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    History of Puerto Rico and Spanish Rule

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    History of Puerto Rico and Spanish Rule The history of Puerto Rico under Spanish rule is one of European exploitation of non white peoples for the purpose of economic gain. The ‘discovery’ made by Columbus in 1492 had a great impact on the highly competitive countries in Europe who saw, in lands like Puerto Rico, the possibility of prosperity and advancement. More than hoping to spread their influence or religion, Europeans wanted to take advantage of the lands and resources which seemed unused

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    The Impact of Spanish Rule on Puerto Ricans Today What was Puerto Rico like under Spanish rule, and how important is that rule to the formation of the Puerto Rican people today? To answer these questions, we must take a look at the history of the Spanish and their colonization of the island of Puerto Rico. As we know, Puerto Rico was a colony of Spain "found" by Christopher Columbus on November 19, 1493, and remained a colony of Spain for the next 400 years. But the interesting fact remains

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    Puerto Rican Identity and Spanish Colonial Rule The debate on Puerto Rican Identity is a hot bed of controversy, especially in today’s society where American colonialism dominates most of the island’s governmental and economic policies. The country wrestles with the strong influence of its present day colonizers, while it adamantly tries to retain aspects of the legacy of Spanish colonialism. Despite America’s presence, Puerto Ricans maintain what is arguably their own cultural identity which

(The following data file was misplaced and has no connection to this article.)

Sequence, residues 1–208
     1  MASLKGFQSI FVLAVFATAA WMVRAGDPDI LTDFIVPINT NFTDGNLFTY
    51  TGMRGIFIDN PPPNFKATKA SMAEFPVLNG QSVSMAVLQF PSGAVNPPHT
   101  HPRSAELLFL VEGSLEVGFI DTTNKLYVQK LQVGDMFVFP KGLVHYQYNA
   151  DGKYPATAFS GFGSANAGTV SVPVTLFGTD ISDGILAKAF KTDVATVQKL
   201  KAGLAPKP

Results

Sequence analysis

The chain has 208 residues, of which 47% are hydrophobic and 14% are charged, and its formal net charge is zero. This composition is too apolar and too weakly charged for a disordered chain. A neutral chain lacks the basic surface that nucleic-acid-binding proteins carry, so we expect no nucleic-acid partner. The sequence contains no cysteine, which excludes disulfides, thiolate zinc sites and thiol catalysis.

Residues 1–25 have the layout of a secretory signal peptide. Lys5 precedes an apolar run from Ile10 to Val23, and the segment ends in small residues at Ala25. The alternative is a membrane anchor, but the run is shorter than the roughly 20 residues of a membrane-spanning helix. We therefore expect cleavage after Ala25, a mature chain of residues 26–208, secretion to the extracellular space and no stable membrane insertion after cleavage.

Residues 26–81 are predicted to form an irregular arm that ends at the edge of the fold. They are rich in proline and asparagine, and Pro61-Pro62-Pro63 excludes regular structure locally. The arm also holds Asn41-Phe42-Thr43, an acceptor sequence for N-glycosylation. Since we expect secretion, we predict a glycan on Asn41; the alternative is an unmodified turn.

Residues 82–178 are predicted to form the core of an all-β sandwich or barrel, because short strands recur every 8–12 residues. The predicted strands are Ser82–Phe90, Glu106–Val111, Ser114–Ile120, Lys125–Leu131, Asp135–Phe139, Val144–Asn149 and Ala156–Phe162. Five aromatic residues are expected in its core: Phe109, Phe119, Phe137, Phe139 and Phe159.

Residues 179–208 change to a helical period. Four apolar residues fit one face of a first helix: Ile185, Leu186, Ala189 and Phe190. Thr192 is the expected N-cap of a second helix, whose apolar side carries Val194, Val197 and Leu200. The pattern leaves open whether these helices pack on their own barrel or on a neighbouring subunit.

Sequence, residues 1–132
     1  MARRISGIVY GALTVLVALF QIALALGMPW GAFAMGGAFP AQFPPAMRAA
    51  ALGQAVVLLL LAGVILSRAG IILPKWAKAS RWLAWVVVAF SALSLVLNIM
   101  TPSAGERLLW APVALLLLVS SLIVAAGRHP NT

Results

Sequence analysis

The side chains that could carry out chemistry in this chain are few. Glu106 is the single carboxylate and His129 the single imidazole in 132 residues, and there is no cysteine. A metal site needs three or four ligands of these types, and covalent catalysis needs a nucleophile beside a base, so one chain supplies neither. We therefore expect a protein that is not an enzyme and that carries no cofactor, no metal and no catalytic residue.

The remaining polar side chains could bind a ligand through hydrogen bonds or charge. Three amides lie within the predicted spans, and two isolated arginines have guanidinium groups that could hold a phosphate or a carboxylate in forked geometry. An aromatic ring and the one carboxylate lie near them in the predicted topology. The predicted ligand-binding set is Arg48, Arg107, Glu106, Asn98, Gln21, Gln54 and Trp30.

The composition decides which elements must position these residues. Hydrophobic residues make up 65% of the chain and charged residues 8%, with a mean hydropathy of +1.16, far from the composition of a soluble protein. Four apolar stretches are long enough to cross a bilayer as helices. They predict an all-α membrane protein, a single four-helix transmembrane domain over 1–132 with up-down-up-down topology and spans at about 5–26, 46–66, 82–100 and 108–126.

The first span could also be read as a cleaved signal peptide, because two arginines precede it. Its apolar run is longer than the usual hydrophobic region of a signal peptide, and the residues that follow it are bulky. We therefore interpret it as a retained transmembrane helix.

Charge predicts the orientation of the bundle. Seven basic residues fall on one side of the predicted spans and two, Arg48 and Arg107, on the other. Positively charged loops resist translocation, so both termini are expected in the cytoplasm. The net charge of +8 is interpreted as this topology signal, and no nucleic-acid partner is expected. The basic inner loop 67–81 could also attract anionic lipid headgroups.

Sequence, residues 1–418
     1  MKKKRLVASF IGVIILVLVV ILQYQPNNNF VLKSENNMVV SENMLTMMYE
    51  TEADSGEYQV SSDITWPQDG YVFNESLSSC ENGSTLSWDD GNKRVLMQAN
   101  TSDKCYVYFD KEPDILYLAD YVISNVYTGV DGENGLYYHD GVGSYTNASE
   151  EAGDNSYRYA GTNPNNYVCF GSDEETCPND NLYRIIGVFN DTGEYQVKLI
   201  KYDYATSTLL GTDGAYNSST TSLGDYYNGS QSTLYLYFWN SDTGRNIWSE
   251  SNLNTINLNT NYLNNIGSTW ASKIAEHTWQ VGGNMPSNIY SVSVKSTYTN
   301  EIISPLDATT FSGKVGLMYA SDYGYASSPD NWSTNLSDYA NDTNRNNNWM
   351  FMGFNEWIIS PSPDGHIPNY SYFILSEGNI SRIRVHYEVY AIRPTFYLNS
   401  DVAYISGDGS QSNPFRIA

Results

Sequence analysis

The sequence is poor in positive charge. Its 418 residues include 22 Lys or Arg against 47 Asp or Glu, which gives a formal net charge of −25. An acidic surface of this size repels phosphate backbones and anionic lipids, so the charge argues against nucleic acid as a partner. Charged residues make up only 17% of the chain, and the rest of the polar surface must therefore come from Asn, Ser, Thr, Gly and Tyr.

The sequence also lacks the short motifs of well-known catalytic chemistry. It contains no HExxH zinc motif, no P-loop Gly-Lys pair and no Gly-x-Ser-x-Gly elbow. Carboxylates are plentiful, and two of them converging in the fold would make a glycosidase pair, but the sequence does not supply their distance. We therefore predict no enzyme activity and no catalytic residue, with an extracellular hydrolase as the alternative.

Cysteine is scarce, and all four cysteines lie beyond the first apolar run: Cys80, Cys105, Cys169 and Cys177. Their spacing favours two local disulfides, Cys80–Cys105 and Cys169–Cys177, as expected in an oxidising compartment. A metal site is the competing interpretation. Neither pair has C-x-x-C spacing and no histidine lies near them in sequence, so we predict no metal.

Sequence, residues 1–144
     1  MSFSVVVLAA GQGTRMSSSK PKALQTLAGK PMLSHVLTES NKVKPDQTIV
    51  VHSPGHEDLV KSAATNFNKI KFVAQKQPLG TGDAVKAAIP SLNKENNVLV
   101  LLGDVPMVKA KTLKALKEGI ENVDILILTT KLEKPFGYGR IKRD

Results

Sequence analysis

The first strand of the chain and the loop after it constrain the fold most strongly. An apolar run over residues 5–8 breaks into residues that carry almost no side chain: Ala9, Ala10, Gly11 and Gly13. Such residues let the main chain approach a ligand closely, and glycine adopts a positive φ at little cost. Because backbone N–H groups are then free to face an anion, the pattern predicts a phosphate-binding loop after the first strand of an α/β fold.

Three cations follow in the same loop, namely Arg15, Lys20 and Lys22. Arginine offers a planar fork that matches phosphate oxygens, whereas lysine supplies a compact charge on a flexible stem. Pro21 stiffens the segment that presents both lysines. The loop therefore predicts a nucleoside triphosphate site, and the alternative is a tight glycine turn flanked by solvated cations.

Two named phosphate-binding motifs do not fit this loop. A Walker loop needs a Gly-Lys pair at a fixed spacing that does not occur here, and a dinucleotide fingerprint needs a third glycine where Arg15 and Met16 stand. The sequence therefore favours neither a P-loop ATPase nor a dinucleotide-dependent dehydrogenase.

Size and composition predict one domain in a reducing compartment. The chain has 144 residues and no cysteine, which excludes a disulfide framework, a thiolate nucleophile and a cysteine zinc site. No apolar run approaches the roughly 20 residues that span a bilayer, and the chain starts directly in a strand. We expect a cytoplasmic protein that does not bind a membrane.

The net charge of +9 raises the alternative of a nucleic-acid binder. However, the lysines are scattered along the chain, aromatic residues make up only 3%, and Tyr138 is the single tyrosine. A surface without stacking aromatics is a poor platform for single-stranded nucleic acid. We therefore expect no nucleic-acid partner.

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    Cuba: The Late Revolution

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    the pathetically small slave revolts, other people were also conspiring to free the country from Spanish rule. The Cubans started to realize that Spain was controlling the country and all the profit from the sugar and tobacco exports went to Spain. The Cubans unsuccessfully rebelled against the Spaniards beginning in 1819. The other countries of Latin America had already freed themselves from Spanish rule. Cuba, however, attempted time after time and failed (RUIS, 24-25). Like the abolitionist, the

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    Puerto Rico

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    Identity Crisis The effect of colonialism on a colonized people can often result in a situation better known to us today as an “identity crisis.” Studying the history of Puerto Rico under Spanish rule helps us to identify the problems found within modern notions of Puerto Rican identity. Such notions of national identity stem from the belief that Puerto Rico is a "self-defined community of people who share a sense of solidarity based on a belief in a common heritage and who claim political rights